Posts By: DrDavid

Resistance Is Futile

The other day my husband and I were in our closet discussing how the space is utilized.  We have one of those “redesigned” closets, with all the extra cubbies for shoes and folded clothes and the maximized hanging spaces.  I was concerned because I was thinking that over the years my clothes have outgrown all of the spaces originally assigned to me, and I wanted to move around where we put our clothes and what spaces I was use.  I had an idea of what I wanted; Robert had his own ideas of what would work better, and we were discussing our ideas amicably, when I was surprised to feel an overwhelming surge of resistance to all this talk of changing things around.  I became aware of excuses and “yes, buts” starting to invade my thinking, close to shutting me down.


All this over moving around the clothes in the closet.  Remember, that I am the one who initially brought it up and said that I wanted the change.  When I was confronted with the actual prospect and reality of change, I suddenly didn’t seem to want it so much anymore.  You may think that’s weird or unusual, but stop and take a look at your life for a minute.  It happens all the time, probably every day.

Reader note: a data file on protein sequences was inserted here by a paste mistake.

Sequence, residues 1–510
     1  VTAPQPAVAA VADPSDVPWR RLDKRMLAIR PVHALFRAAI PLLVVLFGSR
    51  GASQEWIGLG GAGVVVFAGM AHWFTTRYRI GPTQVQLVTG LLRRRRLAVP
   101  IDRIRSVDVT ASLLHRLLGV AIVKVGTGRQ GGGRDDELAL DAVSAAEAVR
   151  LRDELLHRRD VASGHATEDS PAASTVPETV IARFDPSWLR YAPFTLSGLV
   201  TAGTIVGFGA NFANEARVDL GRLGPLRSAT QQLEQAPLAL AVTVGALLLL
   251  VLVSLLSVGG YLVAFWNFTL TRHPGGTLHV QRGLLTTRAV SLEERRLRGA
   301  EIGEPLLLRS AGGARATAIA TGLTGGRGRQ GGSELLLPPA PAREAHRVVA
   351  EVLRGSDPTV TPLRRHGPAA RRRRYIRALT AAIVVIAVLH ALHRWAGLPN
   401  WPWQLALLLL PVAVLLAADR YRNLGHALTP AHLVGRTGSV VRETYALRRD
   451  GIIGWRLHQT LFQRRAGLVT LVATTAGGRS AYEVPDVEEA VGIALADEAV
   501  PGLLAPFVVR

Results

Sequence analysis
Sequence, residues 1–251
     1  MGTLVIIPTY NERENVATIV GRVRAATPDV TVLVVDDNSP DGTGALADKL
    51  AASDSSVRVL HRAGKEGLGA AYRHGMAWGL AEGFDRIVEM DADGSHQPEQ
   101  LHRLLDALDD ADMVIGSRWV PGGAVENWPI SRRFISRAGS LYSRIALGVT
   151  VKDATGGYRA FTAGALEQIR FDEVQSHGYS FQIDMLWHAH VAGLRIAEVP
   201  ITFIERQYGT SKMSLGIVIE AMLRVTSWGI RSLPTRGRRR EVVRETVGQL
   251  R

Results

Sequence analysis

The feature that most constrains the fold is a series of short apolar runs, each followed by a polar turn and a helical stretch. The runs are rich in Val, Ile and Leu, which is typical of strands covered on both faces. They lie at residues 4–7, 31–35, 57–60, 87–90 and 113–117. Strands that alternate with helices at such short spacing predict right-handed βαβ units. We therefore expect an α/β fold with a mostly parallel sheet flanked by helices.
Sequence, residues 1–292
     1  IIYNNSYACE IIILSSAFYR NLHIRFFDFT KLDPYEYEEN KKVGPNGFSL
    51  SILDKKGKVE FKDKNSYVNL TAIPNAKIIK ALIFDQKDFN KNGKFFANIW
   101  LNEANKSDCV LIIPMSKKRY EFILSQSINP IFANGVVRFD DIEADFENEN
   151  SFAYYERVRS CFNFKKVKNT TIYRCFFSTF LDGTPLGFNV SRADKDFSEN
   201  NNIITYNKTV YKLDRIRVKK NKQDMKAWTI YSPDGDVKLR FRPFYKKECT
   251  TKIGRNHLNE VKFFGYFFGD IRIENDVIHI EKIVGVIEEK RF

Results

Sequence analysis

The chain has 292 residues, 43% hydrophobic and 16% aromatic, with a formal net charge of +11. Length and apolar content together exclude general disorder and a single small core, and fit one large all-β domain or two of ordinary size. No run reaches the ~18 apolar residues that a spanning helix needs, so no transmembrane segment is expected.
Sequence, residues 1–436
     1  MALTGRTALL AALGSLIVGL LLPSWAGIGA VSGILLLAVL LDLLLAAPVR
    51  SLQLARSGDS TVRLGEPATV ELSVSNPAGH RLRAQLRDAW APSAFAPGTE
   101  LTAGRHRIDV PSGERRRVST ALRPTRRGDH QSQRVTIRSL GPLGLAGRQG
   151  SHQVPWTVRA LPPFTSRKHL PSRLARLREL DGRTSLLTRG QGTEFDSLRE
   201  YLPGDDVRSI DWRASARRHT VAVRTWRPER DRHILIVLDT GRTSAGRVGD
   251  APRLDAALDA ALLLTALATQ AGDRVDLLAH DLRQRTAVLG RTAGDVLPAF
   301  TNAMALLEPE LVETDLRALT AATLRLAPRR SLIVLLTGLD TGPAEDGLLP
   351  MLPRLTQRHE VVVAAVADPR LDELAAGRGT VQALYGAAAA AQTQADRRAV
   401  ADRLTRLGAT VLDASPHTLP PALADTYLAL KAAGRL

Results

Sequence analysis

We are so resistant to change,even change we want.  This is always a big challenge for clients in therapy and the primary reason why most clients don’t achieve the success they desire in therapy, or even manage to stick with therapy long enough to give it a chance to work.  Often times, clients blame the therapist, lack of time, or lack of money, but most often, it is resistance to change that is the culprit.  Outside of therapy, resistance to change is rampant and often times creates more problems in our daily life than we deserve or need.